All the senseless killings of Black folks without repercussion has gone stale, but it keeps happening. An example of this blank check immunity for police officers came in the form of an announcement that the cop who shot and killed Michael Brown in 2014, which set off rounds of protests in Ferguson, Missouri, and nationwide, will not face criminal charges.
The Lakers and Clippers went a step further in their social justice messaging, staging a unified kneel-down during the singing of the national anthem while players and coached locked arms as Black Lives Matter t-shirts were flexed proudly on their torsos.
Clippers forward Kawhi Leonard said he was just chilling in a good space before the two teams took a knee.
“I was just listening to my music,” Leonard said. “Before yesterday we all knew we were going to do that; both teams together, came together, that we wanted to make a statement. [We] came out and did that.”
With the backdrop of Black Lives Matter painted on the court and the United States flag draped behind the players, the Lakers and Clippers served up a dose of cultural reality for the nation at this moment in time.
That period of looking the other way when it comes to identifying and speaking out against systemic and structural racism has gone out the window. That moment means time’s up on being silent about police violence against Black people and people of color.
The Shadow of Colin Kaepernick
Four years ago, the WNBA was out front in making social justice statements against the killing of Black people. Four years ago, former San Francisco 49ers quarterback Colin Kaepernick took a knee in peaceful protest to create heightened attention to police brutality.
Four years later, the moment has come full circle for Lakers superstar LeBron James.
“Kap was someone who stood up when times wasn’t comfortable; where people didn’t understand, when people refused to listen to what he was saying,” James said. “You go back and listen to any of his postgame interviews when he was talking about why he was kneeling…it had absolutely nothing to do about the flag, it had absolutely nothing to do about the soldiers-the men and women that keep our land free. He explained that and their ears were closed. People never listened. They refused to listen. I did. And a lot of my people, you know, in the Black community did listen; and we just thank him for sacrificing everything that he did to put us in a position today even years later to be able to have that moment like we had tonight.”
Justified or not, police violence has cost the lives of Taylor, Brown, Floyd, Stephon Clark, Ezell Ford, Walter Scott, Oscar Grant, Eric Garner, Tamir Rice, and way too many others. These incidents are now being openly rebuked and scrutinized by American citizens.
Those running things in corporate America seem to have found the light on this issue and have chosen they want to be on the right side of history. The NBA and the WNBA have been at the forefront of driving home the message call to confront the social injustices being afflicted upon Black Americans and people of color.
Racial Justice and Unity
There are a whole plethora of issues that can be covered under that umbrella, including Blacks and people of color being subjected to discrimination in housing. Voter suppression, being on the wrong end of police brutality and leading the homelessness count are other areas where Blacks disproportionately are in front of other ethnic groups.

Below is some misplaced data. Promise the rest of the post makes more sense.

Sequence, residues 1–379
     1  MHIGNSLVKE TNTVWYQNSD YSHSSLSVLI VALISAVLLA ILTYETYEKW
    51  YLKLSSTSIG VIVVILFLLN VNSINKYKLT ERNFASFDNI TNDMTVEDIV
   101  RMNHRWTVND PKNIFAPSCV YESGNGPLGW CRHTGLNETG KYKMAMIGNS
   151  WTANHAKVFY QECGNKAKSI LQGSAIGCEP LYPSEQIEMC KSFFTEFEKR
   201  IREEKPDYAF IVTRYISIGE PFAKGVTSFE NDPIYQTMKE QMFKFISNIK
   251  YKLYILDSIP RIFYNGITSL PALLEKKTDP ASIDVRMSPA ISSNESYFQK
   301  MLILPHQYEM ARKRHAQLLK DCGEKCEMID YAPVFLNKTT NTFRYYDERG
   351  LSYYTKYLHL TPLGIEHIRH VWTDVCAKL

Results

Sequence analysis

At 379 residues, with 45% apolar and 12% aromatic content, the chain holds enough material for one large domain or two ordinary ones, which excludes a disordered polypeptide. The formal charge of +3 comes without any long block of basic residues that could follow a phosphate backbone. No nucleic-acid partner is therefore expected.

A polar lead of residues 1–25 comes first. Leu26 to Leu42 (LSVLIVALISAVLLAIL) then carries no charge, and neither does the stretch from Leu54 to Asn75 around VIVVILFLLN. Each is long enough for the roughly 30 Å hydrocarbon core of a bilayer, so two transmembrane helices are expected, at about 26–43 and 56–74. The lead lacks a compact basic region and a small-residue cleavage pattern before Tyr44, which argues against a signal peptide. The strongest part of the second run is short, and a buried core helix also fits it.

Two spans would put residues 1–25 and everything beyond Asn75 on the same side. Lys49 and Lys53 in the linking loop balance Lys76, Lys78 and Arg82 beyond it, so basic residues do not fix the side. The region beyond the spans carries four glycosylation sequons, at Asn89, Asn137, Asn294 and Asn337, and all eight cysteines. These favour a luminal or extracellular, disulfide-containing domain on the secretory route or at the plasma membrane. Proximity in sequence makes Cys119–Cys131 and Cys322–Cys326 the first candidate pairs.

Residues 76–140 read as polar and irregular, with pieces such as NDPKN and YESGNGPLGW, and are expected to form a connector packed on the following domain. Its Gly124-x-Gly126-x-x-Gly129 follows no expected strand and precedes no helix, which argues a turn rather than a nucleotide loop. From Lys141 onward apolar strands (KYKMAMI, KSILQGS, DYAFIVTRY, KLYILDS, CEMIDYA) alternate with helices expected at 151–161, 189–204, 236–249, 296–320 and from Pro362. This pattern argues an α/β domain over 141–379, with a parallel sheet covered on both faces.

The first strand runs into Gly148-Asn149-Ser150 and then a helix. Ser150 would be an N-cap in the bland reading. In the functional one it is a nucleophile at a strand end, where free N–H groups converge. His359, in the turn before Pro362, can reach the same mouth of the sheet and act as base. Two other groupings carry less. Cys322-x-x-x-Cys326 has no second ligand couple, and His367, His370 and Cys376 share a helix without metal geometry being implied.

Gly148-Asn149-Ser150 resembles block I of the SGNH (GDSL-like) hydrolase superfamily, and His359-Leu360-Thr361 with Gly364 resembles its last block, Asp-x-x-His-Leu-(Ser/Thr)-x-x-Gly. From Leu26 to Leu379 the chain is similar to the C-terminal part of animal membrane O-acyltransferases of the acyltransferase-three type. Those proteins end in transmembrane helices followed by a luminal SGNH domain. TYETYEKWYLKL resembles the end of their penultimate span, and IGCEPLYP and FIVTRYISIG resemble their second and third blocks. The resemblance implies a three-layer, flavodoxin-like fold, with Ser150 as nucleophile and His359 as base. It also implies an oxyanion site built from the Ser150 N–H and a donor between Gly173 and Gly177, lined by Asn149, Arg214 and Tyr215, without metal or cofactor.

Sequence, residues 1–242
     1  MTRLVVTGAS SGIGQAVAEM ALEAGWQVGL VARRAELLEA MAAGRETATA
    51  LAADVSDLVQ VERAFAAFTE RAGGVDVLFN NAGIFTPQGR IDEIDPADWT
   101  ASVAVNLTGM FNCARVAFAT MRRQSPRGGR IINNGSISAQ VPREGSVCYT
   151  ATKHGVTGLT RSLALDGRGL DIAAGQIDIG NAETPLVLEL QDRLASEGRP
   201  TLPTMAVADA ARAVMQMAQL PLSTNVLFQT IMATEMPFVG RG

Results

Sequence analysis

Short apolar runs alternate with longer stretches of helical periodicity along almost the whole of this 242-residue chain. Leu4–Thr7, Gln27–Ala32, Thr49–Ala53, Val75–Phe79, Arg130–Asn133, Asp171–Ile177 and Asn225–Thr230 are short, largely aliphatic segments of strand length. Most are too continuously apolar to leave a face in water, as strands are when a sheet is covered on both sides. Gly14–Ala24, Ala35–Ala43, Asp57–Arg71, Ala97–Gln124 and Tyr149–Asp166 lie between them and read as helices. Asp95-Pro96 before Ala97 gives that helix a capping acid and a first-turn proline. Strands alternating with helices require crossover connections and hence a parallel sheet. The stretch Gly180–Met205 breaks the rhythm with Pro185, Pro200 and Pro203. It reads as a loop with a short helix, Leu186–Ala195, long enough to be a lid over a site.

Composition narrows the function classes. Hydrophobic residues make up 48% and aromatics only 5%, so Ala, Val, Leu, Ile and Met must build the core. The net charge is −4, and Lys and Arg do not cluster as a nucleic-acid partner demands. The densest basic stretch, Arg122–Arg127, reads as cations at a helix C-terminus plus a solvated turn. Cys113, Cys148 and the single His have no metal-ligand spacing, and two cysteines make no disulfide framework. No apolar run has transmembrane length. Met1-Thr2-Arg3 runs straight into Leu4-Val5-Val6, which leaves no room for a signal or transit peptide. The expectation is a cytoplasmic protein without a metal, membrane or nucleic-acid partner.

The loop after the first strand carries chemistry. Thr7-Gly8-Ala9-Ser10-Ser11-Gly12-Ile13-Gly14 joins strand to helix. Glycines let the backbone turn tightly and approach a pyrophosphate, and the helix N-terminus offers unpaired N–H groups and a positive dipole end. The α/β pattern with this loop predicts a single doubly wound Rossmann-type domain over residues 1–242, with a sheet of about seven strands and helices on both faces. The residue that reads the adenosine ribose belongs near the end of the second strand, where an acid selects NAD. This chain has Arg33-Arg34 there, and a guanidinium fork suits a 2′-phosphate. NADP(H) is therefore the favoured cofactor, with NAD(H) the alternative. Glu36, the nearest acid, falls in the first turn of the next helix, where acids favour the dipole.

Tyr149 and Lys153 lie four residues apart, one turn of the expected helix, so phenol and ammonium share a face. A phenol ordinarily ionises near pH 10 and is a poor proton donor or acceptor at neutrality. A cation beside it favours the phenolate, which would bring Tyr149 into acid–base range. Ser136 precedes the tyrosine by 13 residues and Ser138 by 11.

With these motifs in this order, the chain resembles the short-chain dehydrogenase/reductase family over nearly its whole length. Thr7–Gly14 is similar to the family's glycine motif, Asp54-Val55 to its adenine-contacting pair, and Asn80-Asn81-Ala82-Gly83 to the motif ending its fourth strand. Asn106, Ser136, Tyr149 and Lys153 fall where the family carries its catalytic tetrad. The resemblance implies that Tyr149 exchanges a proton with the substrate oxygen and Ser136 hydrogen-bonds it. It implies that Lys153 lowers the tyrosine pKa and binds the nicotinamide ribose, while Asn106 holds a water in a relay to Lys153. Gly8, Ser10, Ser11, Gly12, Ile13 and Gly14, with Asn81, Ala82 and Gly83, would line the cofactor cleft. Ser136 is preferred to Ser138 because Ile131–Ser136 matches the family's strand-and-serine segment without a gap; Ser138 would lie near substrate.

The Lakers and Clippers’ solidarity move prior to their primetime TV game spoke volumes on how far the league is willing to push the social justice agenda. The move by the NBA to push social justice messaging went up to another level by this well-orchestrated and peaceful protest. The moment took on an even meaningful note as Rivers and Lakers coach Frank Vogel knelt down next to each other, heads bowed and interlinking arms together.
“I was proud to do it, proud to support our players, proud to support the African American community, and proud to support racial justice,” Vogel said. “We’ve got the greatest country in the world, but we’re flawed. Protesting the way we did, you know, is patriotic. Nonviolent protests are patriotic, and that’s what we learned from John Lewis. For me to be able to be a part of that….to support racial justice the way we did, I’m very proud to be part of this. It’s not about disrespecting the flag or the military. Nobody supports the military as much as the NBA with the programs that we have. You know, it was just something I was proud to be a part of.”
Black. White. Coaches. Players. Everyone is in this thing together.
“It felt great,” said Clippers small forward Paul George. “It felt great. You look at it from afar, millions tuned in to the game tonight. It’s great. It’s always going to be on people’s minds. It’s always going to have some sort of weirdness to it, but it was great. Played for something. We stood up for something. We kneeled for something. This league is all about unity. Can’t say it enough. I love being a part of it because of the brotherhood of this league. At the same time, we know that we can change things as well.”
Dennis is the editor and publisher of News4usonline. Dennis has written about social justice, civil rights, education, politics, and crime. He covers the NFL, NBA, MLB, as well as other sports. Dennis earned a journalism degree with a minor in criminal justice from Howard University. The real HU!! “I’m just a guy who enjoys being a storyteller.”